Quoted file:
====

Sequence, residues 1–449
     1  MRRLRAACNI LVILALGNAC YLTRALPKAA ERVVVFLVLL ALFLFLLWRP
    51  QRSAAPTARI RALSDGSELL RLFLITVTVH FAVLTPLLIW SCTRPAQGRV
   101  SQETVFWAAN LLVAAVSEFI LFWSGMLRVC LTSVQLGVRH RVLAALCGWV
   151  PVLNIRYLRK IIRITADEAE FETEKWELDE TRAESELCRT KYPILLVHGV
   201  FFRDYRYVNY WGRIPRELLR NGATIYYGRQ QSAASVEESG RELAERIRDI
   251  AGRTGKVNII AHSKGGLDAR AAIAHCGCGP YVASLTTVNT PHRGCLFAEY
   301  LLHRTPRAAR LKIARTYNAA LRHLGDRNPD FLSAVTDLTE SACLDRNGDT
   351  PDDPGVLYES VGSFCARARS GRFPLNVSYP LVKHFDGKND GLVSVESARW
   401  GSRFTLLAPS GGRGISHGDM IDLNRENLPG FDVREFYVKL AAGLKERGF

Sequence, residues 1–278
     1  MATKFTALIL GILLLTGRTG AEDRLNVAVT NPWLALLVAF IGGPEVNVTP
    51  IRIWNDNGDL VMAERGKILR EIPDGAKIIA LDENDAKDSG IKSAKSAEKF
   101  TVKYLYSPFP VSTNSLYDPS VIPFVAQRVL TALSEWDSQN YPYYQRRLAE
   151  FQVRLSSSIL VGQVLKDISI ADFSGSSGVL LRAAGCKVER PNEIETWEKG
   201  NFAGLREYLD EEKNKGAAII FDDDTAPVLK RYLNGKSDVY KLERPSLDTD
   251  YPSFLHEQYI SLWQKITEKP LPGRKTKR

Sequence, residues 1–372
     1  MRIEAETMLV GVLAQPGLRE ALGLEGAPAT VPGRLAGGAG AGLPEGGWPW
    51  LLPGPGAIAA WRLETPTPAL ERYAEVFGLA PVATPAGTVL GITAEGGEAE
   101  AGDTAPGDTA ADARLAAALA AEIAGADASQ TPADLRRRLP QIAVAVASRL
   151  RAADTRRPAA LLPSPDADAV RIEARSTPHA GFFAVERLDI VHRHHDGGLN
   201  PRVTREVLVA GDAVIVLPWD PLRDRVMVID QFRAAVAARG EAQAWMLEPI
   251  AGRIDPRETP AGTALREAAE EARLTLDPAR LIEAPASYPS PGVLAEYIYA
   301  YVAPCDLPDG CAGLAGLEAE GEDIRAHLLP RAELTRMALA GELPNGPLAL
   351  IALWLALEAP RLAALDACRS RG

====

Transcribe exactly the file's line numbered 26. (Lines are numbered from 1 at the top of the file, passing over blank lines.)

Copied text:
   351  IALWLALEAP RLAALDACRS RG